In these times, when the digital revolution is no longer novel and technology has penetrated every aspect of our lives, it goes without saying that disruption is the name of the game. And that's in virtually every industry. Technology has changed everything from taxi cabs to gambling, even dramatically altering the way we socialize with one another.
But just because digital technology is ubiquitous and familiar doesn't mean the digital revolution is over, or that it ever will be. Indeed, our newfound technological prowess lends itself to quicker, bigger, better breakthroughs; it compounds its own evolution on an exponential scale. As we fast approach the third decade of the 21st century, there are four schools of technology that hold the promise to not just disrupt, but transform the way we all approach day-to-day business.
The rise of artificial intelligence has been a long, gradual slog; long ago, AI entered the zeitgeist, but until recently much of the public was unfamiliar with the technology beyond Hollywood dramatizations or abstract doomsday scenarios.
Now, however, more people are aware that AI does not necessarily mean the robots of Skynet. Whether its customer service chatbots or customer relationship management tools that use machine learning algorithms, it's not uncommon to interact with AI multiple times a day.
AI at its core, is simply a program that is able to learn over time as it processes massive amounts of data. There are two key components here; one, obviously, is the processing of massive amounts of data that human beings are incapable of sifting through in a lifetime. This has long been humanity's obsession with computers, as well as building ever more sophisticated ones. The novel component of AI, however, is that these programs actually learn as they are fed more data. That means the more you use AI for a specific purpose, the better it gets at predicting outcomes.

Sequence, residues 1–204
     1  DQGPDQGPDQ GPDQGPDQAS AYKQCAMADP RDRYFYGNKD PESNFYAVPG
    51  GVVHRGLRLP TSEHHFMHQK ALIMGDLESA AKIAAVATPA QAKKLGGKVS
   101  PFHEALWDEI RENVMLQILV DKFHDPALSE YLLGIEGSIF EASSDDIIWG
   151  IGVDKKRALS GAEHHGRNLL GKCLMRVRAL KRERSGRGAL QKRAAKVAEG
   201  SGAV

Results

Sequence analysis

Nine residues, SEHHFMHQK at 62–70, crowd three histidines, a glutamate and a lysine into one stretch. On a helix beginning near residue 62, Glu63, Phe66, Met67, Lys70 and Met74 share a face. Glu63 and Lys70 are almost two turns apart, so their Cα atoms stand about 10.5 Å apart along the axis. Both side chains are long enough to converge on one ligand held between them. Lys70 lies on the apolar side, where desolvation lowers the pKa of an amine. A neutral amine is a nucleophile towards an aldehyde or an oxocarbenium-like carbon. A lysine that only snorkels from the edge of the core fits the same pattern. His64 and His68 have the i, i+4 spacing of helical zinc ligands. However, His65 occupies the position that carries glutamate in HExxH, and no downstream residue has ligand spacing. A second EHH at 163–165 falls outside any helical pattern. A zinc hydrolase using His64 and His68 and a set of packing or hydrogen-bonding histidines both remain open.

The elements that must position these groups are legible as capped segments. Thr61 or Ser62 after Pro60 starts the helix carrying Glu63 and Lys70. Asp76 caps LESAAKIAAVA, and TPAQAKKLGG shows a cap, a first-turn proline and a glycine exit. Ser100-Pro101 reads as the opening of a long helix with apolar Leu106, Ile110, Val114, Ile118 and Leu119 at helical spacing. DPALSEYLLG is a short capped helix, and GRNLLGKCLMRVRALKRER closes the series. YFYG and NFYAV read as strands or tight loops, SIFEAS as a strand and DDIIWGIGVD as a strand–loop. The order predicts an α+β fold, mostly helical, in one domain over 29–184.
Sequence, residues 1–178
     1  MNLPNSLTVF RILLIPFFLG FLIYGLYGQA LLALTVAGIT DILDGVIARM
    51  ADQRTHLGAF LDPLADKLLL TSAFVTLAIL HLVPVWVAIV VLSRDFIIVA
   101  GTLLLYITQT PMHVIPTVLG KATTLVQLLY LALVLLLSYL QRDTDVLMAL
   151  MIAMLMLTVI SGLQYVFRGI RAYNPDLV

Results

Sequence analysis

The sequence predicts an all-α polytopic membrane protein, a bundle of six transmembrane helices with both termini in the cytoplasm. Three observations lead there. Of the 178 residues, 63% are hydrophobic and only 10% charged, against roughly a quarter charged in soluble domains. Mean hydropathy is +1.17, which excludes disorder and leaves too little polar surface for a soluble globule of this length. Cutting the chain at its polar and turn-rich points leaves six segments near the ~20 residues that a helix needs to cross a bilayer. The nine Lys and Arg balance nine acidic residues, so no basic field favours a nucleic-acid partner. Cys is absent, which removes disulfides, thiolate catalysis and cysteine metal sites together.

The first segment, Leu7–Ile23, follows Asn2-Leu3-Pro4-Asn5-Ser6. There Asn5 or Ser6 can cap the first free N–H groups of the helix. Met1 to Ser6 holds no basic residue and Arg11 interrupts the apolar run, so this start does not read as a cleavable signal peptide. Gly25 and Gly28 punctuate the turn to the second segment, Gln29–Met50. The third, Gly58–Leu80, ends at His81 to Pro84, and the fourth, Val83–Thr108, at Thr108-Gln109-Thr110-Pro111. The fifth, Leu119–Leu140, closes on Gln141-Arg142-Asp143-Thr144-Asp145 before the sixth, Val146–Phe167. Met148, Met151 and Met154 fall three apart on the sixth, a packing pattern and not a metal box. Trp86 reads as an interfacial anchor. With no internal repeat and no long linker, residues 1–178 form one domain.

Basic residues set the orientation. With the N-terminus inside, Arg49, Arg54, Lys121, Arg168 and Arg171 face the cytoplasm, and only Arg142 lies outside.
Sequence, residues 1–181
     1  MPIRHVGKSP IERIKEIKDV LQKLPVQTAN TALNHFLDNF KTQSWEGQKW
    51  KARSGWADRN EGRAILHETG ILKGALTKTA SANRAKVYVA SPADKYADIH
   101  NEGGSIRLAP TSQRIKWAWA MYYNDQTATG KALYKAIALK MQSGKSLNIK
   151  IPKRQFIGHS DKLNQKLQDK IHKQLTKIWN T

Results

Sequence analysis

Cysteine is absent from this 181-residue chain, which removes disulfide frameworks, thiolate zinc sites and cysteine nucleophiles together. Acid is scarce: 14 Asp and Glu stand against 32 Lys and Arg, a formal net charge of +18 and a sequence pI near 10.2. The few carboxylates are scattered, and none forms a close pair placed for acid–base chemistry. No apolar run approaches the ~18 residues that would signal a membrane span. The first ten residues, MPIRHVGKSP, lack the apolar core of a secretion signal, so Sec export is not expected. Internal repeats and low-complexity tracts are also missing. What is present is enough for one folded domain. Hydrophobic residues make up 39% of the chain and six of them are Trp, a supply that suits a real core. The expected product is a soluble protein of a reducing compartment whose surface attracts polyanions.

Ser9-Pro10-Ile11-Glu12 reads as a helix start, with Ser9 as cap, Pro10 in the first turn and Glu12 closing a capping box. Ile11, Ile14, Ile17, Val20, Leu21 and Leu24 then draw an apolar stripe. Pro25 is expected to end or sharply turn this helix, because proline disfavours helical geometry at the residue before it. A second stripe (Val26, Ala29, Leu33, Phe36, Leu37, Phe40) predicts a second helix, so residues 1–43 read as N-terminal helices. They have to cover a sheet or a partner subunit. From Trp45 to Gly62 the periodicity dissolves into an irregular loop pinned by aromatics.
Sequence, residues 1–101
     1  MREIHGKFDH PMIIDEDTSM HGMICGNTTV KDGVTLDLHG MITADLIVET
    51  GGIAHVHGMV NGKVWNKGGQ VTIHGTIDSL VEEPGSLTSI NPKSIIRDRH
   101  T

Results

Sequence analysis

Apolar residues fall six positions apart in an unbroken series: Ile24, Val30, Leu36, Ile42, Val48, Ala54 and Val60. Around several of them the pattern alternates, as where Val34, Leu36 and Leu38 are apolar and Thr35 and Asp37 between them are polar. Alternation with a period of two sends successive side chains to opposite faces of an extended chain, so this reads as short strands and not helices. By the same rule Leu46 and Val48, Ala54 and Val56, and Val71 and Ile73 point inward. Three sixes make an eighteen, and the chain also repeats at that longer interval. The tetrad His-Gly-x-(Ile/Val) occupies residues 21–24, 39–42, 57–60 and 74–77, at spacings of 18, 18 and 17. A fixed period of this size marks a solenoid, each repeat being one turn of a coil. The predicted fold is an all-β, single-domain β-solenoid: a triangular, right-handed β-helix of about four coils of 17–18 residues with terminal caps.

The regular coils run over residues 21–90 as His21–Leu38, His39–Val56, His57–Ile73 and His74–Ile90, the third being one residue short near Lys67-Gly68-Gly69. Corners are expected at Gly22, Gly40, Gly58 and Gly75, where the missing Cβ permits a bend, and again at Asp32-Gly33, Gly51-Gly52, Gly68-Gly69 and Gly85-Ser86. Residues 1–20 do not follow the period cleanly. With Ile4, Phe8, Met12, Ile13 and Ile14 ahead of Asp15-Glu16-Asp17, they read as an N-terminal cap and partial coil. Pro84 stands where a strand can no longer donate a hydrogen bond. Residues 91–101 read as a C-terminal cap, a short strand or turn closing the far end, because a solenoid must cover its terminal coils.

The business applications are apparent and vast. Sifting through troves of business intelligence and augmenting human insight with data contextualized in real-time offers businesses in every industry powerful uses for AI. Whether it's a manufacturing plant monitoring its machines for signs of lower productivity or potential failures, or a financial firm that's predicting outcomes on the stock market, AI is an immensely powerful tool that cannot be ignored moving forward.
Internet of Things
The Internet of Things (IoT) goes hand-in-hand with AI. After all, to contextualize vast troves of data, you need to capture vast troves of data. IoT is often referred to as the process by which "dumb" machines are made "smart," or by which new products are produced with smart capabilities. In plain English, IoT means everything is networked and communicative. Not only can IoT enabled devices process what is happening to them (e.g. a machine that recognizes its overheating) but can also transmit that data to a central location.
Imagine an entire factory floor, for example, of networked machinery feeding data back to a central database in real-time. That information can prove critical to avoiding reductions in productivity or dispatching predictive maintenance to keep machines running longer and more efficiently.
But what do you do with all that data? No human could ever sit down and make sense of it in one lifetime, and it would cost a fortune to employ an army of people to sift through it. And even if you did pay them that fortune, they'd have great difficulty communicating the fragmented bits of information they each uncovered. Enter AI to work in tandem with the data collecting powerhouse that is the IoT.
Proponents of blockchain say within the next 10 to 20 years, we could be looking at the replacement of conventional financial institutions and other forms of "middlemen" that currently track transactions. Blockchain, they argue will empower peer-to-peer transactions in a way that has never been possible before, reducing costs and expediting business processes.
Serge Beck, the CEO and founder of Optherium, a global research and development company building transformative blockchain solutions to reform defective functions within financial and security infrastructure, said the priority for his company right now is better securing business data, a major priority as cyber attacks continue to increase across the globe.
"Right now, the biggest issue is data breaches," Beck said. "All companies dealing with centralized data storage, any kind of data storage, they'll adopt blockchain tech first to get away from liability of storing data in one location."
While Beck said it could be a decade or more before we see anything we can consider "mass adoption" of blockchain tech, the process is already underway and companies that are on the cutting edge have begun implementation.
"In 2018 more and more companies will start implementing blockchain in their phase one," Beck said. "It has already started and it will continue going."
These emerging technologies are here. It will transform small business, large corporations and everything in between. Jump on the bandwagon today.